SUDEP Not as Rare as Once Believed, Could Cause 3% of Sudden Childhood Deaths


Over the last decade, more information has been discovered about sudden unexpected death in epilepsy (SUDEP), although there is still much learning to be done. While researchers initially believed that this condition was extremely rare, particularly in pediatric patients, a new study suggests that SUDEP could be responsible for up to 3% of sudden childhood deaths. According to Medscape, this statistic is over 3x higher than previously thought. Check out the abstract for the data, presented at the virtual American Epilepsy Society (AES) 74th Annual Meeting.

AES Annual Meeting Data

To analyze the prevalence of SUDEP, researchers sourced data from the Sudden Death in the Young Case Registry. Although this registry was initially used to track sudden infant death syndrome, as well as deaths caused by abuse, it now also tracks cardiac and epileptic issues. The data used included that from infants to late teens (17) over a 2-year period. Patients who had a history of epilepsy were considered to have died of SUDEP; however, those with status epilepticus were not included in the data.

Out of 1776 patients, 3% (53) were deemed as SUDEP. An additional 1% (18) were considered to have died as a mix between SUDEP and cardiac difficulties. Since prior estimates placed SUDEP deaths at around 0.5-1%, this new finding was especially surprising. Additionally, children who purportedly died of this condition were less likely to receive an autopsy than children who died of other conditions.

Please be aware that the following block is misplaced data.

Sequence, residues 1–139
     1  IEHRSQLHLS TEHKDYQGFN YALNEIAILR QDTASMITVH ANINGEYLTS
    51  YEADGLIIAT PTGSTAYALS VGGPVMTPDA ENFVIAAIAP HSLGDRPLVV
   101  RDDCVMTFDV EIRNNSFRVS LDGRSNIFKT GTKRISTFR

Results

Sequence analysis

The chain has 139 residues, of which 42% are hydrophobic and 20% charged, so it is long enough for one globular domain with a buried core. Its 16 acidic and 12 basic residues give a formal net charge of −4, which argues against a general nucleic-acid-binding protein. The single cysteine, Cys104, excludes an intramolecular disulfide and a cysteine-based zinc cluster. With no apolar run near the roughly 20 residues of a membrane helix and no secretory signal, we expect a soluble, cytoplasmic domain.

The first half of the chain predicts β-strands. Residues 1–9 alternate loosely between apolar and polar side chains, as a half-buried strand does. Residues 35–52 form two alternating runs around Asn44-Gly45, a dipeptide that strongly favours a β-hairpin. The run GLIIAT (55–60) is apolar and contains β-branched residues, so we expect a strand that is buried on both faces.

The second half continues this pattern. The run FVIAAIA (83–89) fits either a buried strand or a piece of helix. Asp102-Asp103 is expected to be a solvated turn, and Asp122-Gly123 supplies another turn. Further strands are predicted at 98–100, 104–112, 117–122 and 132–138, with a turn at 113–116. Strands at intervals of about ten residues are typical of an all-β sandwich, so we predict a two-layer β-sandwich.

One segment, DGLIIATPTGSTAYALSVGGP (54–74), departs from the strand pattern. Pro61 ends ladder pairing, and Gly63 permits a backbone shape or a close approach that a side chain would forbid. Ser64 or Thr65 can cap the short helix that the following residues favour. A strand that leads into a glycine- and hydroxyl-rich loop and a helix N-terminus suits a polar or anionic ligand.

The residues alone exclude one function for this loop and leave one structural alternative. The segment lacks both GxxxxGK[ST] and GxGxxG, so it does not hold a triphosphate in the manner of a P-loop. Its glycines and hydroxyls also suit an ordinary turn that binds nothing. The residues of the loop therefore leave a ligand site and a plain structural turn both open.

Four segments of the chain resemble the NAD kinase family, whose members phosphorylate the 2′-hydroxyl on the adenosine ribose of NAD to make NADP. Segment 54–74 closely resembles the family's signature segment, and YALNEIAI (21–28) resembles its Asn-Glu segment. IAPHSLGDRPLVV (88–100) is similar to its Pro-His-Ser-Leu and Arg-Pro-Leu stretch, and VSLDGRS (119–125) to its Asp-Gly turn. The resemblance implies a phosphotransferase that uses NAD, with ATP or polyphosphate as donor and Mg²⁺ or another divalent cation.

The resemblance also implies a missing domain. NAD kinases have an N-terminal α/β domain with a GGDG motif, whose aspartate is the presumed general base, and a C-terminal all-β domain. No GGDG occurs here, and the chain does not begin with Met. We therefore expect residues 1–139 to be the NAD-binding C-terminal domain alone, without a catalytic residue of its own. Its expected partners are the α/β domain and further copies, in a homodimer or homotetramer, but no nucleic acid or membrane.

Demographic Differences

In addition to determining the prevalence of SUDEP, researchers also discovered that there were some racial differences. Although SUDEP is equally as common in boys and girls, Black children were more likely to die of this condition than white children or those of other ethnic backgrounds. Researchers believe this could be due to:

  • Less access to care
  • Socioeconomic instability
  • More uncontrolled seizures caused by issues with seizure management
Those between infancy and 1 year old, and those between ages 14-17, also died at a higher rate than others. Researchers believe it is more difficult to control and manage seizures in early childhood. Additionally, puberty and poor seizure management contribute to the fatalities in teenage years. Doctors urge patients with epilepsy to continue taking their medications and not drink alcohol while at college.

Finally, the study determined that many cases of SUDEP occur during sleep. If someone sleeps on their stomach, with their face in the pillow, their body might not remind them to turn their head and breathe.

Overall, while the study does bring new insights into SUDEP and its potential mortality rate, additional research is needed to validate these findings.

Sudden Unexplained Death in Epilepsy (SUDEP)

According to the Epilepsy Foundation:

SUDEP is the sudden, unexpected death of someone with epilepsy, who was otherwise healthy. In SUDEP cases, no other cause of death is found when an autopsy is done.

Each year, an estimated 1 in every 1000 individuals dies from this condition. In around 33% of fatalities, the person either experiences a seizure or shows signs or symptoms of a recent seizure. Doctors are still unsure exactly what causes SUDEP. Some estimate that apnea or irregular heart beats could trigger it. However, the CDC notes that risk factors include:

  • Alcohol use or abuse
  • Missing medicine doses
  • Seizures beginning at a young age
  • Grand mal seizures
  • Night monitors
  • Uncontrolled or frequent seizures

The best way to prevent SUDEP is to take control of seizures. Epilepsy can be managed with trigger avoidance, specialists, diet, and neurostimulation.

Jessica Lynn

Jessica Lynn

Jessica Lynn has an educational background in writing and marketing. She firmly believes in the power of writing in amplifying voices, and looks forward to doing so for the rare disease community.

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